The Hidden Dangers of High Blood Pressure

May is national blood pressure month, so we’re emphasizing the importance of maintaining a healthy blood pressure level and the dangers of hypertension. While most people are aware that high blood pressure (or hypertension) is dangerous, they’re not always aware of all the health risks that can come from having high blood pressure.

Here are some of the possible consequences of hypertension:

  • Strokes occur when blood or oxygen cannot reach the brain properly. High blood pressure weakens or damages arteries, putting you at higher risk of having a stroke.
  • Insufficient blood and oxygen to the brain can also contribute to dementia or other cognitive impairment.
  • High blood pressure puts you at a higher risk of having a seizure. Like strokes, seizures affect the brain and require immediate medical attention.
  • Hypertension forces your heart to work harder. This extra strain can lead to heart attacks or even heart failure.
  • An aneurysm is an enlarged artery. This occurs when the artery wall has been weakened to the point where it can no longer maintain its shape. Aneurysms can be caused by hypertension and increase the risk of a ruptured artery.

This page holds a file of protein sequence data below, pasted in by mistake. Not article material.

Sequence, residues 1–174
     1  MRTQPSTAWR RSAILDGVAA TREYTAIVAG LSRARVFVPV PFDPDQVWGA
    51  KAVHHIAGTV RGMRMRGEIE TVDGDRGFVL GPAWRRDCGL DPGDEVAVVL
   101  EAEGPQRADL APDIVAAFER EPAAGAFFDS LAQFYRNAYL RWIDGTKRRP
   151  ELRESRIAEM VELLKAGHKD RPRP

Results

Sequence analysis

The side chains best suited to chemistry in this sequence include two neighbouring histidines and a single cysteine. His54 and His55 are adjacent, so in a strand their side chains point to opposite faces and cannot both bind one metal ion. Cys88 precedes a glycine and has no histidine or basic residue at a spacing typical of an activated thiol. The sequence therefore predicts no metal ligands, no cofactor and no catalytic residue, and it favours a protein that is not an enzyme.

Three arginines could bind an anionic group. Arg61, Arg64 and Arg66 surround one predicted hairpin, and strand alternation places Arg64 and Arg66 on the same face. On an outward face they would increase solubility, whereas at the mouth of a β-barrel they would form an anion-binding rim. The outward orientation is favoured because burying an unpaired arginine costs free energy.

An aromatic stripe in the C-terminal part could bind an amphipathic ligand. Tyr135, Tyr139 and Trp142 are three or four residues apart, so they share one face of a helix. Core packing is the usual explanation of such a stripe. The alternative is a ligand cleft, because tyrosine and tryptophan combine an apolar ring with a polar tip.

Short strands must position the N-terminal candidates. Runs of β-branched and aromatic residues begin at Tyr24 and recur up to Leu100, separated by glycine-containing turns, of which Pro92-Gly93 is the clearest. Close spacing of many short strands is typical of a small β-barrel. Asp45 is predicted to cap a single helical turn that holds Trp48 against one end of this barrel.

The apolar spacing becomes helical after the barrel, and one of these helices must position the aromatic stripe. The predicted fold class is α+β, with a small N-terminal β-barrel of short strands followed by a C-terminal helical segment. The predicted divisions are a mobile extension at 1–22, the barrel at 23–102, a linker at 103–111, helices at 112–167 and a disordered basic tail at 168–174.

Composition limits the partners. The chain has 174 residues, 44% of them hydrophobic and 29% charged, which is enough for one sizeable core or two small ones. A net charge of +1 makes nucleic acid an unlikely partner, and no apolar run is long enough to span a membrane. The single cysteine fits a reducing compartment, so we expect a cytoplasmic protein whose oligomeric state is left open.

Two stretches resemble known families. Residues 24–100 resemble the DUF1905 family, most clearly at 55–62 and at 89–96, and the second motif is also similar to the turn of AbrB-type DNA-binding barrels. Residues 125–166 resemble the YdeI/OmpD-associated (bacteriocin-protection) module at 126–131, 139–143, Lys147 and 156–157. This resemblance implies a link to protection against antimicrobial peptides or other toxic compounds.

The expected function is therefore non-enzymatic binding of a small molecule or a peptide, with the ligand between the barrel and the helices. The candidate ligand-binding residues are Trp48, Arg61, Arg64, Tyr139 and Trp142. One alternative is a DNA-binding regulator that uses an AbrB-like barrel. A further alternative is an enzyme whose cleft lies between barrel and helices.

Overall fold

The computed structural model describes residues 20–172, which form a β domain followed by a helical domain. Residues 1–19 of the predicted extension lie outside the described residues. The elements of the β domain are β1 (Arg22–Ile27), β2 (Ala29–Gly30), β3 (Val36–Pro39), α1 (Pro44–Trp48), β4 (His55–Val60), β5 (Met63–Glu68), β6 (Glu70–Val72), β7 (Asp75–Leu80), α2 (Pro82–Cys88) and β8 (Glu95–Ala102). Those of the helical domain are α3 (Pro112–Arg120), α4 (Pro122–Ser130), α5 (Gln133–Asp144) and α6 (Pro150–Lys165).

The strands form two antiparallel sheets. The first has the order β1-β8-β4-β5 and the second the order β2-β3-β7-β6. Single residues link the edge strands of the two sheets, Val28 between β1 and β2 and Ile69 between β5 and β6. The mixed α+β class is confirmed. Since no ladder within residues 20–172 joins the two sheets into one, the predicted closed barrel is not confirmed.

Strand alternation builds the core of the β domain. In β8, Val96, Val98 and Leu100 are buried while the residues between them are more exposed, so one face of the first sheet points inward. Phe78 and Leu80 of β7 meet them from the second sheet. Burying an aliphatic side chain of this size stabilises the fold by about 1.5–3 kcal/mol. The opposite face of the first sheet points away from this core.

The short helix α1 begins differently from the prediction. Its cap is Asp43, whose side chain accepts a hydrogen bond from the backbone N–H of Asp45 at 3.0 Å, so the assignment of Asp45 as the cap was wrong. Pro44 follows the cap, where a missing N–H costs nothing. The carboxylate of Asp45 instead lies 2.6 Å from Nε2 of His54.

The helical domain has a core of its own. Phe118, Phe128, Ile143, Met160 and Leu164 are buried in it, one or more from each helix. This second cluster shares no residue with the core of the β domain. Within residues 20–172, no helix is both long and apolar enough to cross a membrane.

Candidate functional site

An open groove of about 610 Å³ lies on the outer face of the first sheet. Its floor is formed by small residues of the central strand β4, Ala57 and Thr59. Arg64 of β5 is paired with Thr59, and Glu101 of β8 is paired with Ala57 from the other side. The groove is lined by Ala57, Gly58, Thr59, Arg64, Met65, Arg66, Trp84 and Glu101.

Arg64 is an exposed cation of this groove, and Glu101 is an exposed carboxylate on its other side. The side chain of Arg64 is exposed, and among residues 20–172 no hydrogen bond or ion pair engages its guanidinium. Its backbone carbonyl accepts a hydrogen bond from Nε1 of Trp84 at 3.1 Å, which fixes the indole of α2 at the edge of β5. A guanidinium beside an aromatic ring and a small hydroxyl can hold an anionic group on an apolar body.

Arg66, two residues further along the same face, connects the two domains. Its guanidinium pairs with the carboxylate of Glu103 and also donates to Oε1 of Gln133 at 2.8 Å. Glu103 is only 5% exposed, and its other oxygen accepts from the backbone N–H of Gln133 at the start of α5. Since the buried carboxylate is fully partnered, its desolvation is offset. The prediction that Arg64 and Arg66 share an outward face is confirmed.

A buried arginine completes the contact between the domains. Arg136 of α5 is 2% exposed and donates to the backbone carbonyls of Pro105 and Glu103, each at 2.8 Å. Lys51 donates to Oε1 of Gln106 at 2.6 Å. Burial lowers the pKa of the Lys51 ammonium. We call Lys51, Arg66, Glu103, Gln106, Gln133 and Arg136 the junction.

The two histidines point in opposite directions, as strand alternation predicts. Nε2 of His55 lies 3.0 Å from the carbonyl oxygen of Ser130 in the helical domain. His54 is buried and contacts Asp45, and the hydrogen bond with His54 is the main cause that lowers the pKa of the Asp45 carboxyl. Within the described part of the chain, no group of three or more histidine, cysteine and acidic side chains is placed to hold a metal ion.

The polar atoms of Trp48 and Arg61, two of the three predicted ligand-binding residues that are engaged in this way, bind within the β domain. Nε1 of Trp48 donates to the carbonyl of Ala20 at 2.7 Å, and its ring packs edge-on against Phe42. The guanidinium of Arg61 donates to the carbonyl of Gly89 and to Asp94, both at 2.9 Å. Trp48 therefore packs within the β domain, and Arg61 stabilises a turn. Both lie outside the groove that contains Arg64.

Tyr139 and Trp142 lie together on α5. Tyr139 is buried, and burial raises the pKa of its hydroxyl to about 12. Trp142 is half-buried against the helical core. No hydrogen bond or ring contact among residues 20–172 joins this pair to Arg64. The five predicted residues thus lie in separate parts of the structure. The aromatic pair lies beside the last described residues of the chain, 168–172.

• High blood pressure damages the arteries and blood vessels throughout your body, including those in the kidney. This damage can lead to kidney failure.
  • Your eyes can be affected by hypertension as well. Loss of vision, damage to the nerve endings, and damage to the blood vessels in your eyes are all possible consequences of high blood pressure.
  • Hypertension can lead to an increased amount of calcium in urine. This depletes the amount of calcium in your body, which can lead to a loss in bone density.
  • Since the circulatory system goes through your entire body, it’s no surprise that so many different organs can be affected by high blood pressure.But what makes hypertension is especially dangerous is that it can go unnoticed. You can have high blood pressure without symptoms. Schedule regular appointments with your doctor to prevent hypertension sneaking up on you.